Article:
On July 10, Ava’s father fatally shot Justin after the 18-year-old fired his weapon into their home. The juvenile said in his deposition that despite hearing about the news on television, he did not immediately give information about Justin to police because he thought “Ava had that under control.”
The juvenile’s attorney argued that he was voluntarily sending Ava information about Justin in an attempt to help her rather than hurt her through his communication with the 18-year-old.
Life at school
Ava alleged in her testimony that when she returned to school that summer, the juvenile who had been in contact with Justin began going out of his way to follow her and detailed several incidents during her Monday testimony that led her parents to file a stalking complaint.
“I was terrified. I took myself out of many things that I love. … I took myself out of soccer when we were headed to state mid-season,” Ava said in her Monday testimony, adding that she has “nightmares about everything” and feels “scared at night.”
Ava has since been pulled out of school, her TikTok account has been suspended and her Instagram account has remained relatively inactive, though she has previously stated that she does not want either incident to stop her from using social media to spread “positivity.”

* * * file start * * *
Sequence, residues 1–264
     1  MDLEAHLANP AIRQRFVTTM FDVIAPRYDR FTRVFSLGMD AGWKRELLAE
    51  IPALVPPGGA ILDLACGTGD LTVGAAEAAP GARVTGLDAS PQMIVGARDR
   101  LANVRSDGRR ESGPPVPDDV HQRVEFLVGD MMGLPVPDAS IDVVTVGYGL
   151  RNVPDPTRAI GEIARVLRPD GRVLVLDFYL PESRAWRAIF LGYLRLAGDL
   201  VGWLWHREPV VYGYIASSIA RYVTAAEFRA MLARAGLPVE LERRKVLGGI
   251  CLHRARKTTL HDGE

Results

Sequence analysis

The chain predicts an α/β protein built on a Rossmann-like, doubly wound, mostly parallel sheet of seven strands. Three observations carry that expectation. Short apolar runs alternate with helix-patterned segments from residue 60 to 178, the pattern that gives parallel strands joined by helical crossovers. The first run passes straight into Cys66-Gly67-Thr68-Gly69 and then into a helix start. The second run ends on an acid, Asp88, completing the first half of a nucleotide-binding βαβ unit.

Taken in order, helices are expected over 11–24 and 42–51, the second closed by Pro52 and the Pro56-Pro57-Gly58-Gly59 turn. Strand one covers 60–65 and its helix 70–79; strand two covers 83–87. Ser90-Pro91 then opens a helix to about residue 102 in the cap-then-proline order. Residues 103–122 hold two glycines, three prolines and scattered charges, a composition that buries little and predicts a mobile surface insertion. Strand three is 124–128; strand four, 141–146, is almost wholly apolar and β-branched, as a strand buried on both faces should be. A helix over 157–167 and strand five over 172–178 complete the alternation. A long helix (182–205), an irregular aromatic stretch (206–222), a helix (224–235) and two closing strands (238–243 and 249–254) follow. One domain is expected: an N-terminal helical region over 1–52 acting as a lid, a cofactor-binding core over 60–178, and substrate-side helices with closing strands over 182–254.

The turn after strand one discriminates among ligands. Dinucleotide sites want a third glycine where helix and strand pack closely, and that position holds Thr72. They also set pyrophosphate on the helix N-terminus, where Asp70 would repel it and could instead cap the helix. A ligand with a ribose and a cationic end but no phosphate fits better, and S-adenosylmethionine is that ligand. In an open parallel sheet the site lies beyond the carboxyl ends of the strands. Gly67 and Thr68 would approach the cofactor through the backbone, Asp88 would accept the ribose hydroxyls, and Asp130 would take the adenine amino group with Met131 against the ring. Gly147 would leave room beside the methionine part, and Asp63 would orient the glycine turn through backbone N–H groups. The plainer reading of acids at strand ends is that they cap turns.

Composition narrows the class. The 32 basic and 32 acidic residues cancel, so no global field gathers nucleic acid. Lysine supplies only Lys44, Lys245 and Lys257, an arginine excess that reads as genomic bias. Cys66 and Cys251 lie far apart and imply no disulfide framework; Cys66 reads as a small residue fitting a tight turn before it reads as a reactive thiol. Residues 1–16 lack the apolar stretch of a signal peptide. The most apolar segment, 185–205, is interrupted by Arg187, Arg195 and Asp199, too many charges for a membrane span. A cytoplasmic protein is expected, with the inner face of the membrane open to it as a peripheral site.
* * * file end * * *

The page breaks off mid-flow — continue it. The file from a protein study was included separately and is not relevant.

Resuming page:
The Collier County judge who overheard Ava’s testimony dismissed the case before the juvenile she accused of stalking her could take the witness stand. Davis believes that could have changed the outcome of the Majuries’ case.
Davis said the Collier County Sheriff’s Office did not subpoena the juvenile for his phone. The attorney also believes that between half-a-dozen and a dozen other high school children were involved in conversations with Justin about Ava without her knowledge.
“I’m a parent,” Davis said. “I have two grandchildren and I have teenagers, so I have two generations of children. If I knew my son knew anything about this and didn’t come to me and didn’t report it, I would go ballistic. Who are these parents?”